MEAT Standard Australia is a natural fit for sheep meat producers wanting to maximise the returns from premium eating quality in lamb, according to New South Wales producer Robert Armstrong.
Mr Armstrong runs 3000 Primeline ewes on the 2000ha property ‘Yullundry’ outside Cumnock in central-west NSW with his wife, Felicity, and their three daughters.
He said the guidelines for the MSA meat grading system reinforced good stock management.
“It’s something we’ve always taken very seriously here, so the MSA framework has backed up what we do.”
Up to 75 percent of the Armstrongs’ lambs are processed through Thomas Foods International’s plant at Tamworth, with a small consignment of lighter lambs going through the saleyards or direct to Coles.
“We aim for a 26kg carcase…that’s the sweet spot for us, where we reach our most efficient level of production,” Mr Armstrong said.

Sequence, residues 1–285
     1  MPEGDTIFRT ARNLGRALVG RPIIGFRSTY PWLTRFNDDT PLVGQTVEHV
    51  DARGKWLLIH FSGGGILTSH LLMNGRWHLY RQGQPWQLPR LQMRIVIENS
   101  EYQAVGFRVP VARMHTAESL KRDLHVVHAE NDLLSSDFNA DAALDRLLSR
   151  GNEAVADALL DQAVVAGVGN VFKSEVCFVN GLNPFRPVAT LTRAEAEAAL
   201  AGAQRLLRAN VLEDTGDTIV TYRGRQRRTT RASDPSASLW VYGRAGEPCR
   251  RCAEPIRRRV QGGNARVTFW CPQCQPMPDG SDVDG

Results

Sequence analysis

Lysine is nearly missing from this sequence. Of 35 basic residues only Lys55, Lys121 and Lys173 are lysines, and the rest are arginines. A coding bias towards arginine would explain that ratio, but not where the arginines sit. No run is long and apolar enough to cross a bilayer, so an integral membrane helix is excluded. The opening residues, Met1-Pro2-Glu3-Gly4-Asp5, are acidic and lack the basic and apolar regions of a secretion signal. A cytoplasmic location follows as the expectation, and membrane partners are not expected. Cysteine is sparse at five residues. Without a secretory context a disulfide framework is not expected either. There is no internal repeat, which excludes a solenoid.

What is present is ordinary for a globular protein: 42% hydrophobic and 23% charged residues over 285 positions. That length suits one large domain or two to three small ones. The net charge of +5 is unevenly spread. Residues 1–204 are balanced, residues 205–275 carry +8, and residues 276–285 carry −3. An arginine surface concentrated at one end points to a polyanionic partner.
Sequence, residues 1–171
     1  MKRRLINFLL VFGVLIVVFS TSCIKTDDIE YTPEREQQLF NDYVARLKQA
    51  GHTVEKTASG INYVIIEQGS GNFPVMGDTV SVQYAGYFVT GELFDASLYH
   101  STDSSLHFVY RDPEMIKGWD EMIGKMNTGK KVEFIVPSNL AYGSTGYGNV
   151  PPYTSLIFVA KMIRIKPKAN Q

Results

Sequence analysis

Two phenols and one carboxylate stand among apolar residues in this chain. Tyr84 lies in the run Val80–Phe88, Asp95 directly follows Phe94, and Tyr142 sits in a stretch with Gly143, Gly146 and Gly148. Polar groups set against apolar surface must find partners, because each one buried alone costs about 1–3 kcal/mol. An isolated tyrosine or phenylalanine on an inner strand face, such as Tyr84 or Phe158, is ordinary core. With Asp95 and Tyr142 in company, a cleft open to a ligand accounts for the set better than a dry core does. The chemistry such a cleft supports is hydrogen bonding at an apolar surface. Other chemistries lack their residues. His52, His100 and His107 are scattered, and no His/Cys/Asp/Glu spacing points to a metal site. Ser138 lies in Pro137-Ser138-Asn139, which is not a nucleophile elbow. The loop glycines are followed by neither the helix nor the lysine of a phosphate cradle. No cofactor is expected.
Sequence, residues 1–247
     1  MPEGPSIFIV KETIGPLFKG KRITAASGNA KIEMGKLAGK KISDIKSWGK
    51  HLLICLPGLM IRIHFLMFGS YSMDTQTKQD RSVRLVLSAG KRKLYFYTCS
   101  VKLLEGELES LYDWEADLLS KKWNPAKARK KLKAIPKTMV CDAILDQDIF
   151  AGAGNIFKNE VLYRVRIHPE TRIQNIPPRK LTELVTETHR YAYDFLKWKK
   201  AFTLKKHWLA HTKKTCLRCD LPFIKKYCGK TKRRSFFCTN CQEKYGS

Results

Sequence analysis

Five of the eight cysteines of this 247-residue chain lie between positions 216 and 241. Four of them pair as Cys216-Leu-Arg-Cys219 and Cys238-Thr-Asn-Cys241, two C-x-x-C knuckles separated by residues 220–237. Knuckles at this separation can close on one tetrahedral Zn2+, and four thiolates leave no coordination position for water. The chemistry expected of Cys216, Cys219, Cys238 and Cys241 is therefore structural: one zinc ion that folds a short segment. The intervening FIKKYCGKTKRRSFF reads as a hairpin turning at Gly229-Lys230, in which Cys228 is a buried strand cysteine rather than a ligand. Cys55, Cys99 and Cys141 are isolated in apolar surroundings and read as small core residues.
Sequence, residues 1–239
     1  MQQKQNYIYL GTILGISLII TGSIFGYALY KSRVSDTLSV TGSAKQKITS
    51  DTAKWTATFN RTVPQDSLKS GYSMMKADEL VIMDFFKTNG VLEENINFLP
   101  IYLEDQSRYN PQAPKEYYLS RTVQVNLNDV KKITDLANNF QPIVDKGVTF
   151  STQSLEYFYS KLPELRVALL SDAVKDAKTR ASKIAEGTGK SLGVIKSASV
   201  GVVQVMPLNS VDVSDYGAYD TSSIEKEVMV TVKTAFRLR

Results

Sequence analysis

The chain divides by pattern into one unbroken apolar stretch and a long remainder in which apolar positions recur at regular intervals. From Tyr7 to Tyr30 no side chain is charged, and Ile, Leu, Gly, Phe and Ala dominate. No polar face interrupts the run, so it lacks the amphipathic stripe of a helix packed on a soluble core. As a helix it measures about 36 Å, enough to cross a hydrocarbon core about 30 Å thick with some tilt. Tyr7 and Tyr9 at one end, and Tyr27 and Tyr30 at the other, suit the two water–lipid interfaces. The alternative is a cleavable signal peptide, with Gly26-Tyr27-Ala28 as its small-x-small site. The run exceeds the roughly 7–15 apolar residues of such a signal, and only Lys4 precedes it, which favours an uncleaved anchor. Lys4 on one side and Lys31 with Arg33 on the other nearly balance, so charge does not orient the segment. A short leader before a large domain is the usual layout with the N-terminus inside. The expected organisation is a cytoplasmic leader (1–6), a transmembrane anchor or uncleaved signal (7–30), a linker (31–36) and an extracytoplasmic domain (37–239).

To help maintain eating quality consistency Mr Armstrong supplements his flock’s diet with grain during months when grass is light on.
The grain consists of a mix of oats and wheat, with some supplementation products for the well-being of the stock.
Eating quality has been a primary focus for Yullundry over the past five years and the Armstrongs have changed their breeding program with the aim to turn over higher yielding lambs, with premium eating quality, earlier.
“We have a self-replacing composite breed, joining the same ewe with the same ram,” he said.
“The breeder we use [to supply our genetics] is very progressive and focused on the quality of the product.
“We’re interested in the future of the sheep meat industry and where this focus on eating quality is heading.”
Mr Armstrong said this eating quality focus has the potential to attract a premium price for quality product.
“You don’t want to be in the position where you’ve missed the boat.
“I think eating quality is gaining traction within the industry. It’s consumer driven,” he said.
“If it’s what the consumers are asking for, it’s what the processors will ask for from us.
“It’s pretty challenging to make a profit from agriculture, but MSA allows you to differentiate yourself in the marketplace.”